That’s right, the same chemical components that appear to kill or slow the progression of some cancer cells have also been shown to speed the growth of other cancer cells. There is a matter of dosing, too: some doses help reduce tumors while other doses will actually cause progression. And this is still in a highly controlled lab dish setting. Getting those doses correct through the filter of individual human metabolism could be a disaster, if it even works at all. Continue reading The Cannabis Cancer Cure Explained→
Aside from my ever diminishing veins, the infusions during maintenance continue to be easy and relaxing. I guess I am lucky in that way — I know people who have different cocktails that they have various reactions to, from rash to fever to nausea on one end and flat out groggy sleep on the other. During these Alimta cycles, I am in and out fairly quickly and my biggest complaint is not having enough time here with the heated massage chair and my morning coffee to, uh, get any real work done…
Two infusions ago this chemo drug appeared to really mess with my digestive system, but it cleared up just in time for my scheduled CT scan and did not recur with the following round. The assumption now is that I simply caught a stomach bug that lingered for a couple weeks. The whole repressed immunity thing has been on my mind lately, and not just because what probably should have been a 24 hour virus took me 14 times longer to purge from my system.
Although the ensuing three weeks were relatively symptom-free (steroids make me irritable, mess up my sleep for three or four days and make me an emotional raw nerve; the chemotherapy wreaks havoc with my joyous time travel into the land of teenage acne, but even these things seemed to lessen somewhat), the issue of immunity and, more specifically herd immunity, was thrust back front and center when we brought a new kitten home from the pound. Continue reading The Chemo Diaries: More Summer Fun→
Please note, this is Part One of a series. Click here to jump to Part Two or follow the link at the end of this post. Part Two contains some very important information that greatly expands upon some of what is raised here.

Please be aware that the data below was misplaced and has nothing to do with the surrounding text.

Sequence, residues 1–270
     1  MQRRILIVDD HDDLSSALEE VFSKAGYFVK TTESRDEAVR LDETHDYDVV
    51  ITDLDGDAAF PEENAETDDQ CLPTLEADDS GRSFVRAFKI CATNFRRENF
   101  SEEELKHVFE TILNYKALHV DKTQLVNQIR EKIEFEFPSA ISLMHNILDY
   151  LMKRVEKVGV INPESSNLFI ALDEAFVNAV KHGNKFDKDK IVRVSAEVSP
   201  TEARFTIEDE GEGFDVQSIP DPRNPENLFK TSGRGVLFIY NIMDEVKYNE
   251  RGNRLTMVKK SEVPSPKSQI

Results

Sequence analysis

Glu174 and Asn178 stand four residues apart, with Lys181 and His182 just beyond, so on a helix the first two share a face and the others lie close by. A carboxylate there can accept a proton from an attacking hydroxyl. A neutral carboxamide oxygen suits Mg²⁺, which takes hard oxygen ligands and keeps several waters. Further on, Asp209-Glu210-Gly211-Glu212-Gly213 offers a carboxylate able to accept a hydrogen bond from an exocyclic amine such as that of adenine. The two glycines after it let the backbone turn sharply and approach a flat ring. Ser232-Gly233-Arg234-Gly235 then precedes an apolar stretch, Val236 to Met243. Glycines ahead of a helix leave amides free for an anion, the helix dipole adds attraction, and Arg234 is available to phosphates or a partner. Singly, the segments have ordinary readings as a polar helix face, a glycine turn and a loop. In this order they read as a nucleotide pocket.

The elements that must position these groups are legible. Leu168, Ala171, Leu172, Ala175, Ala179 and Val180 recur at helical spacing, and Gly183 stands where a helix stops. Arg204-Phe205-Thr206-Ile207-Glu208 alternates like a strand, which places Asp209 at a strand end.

Somehow I managed to miss the name Candice-Marie Fox when I was going through earlier research on foods that are claimed to cure cancer, of which her pineapple diet ranks as one of the more ludicrous. Through the grapevine, I learned of this diet yesterday and immediately I wanted to find out if there was anything plausible about it. Certainly, pineapple is healthy to eat and it is often used for digestive issues due to its enzymatic activity, so I wanted to give it the benefit of the doubt. Of course, I did not expect that there would be an actual cure in there, but maybe I could ascertain some actual benefits to the diet that transcended my initial skepticism. I was excited about this possibility; less so about discovering one more person preparing to cash in on a faux cure.
A quick Google search brought up hundreds of articles online about how this woman, Candice-Marie Fox, a former model (always in the lead of the story), beat “Stage 3” or “Stage 4” (depending on the article) thyroid cancer by “ditching her husband” and eating a diet dominated by pineapple and other fruits. As is often the case in this sort of story, even as it is translated into multiple languages, the text is almost identical from web site to web site. And most of those articles can be traced back to a source in that British rag called the Daily Mail — not exactly a solid, investigative news source.
A few other “news” outlets picked the story up. It makes great click bait, after all. But fascinatingly, these actual news stories manage to get a whole bunch of facts wrong. Which is not surprising, as the former model herself seems to trip over her own facts many times, even in interviews on other web sites after her celebrity began to grow.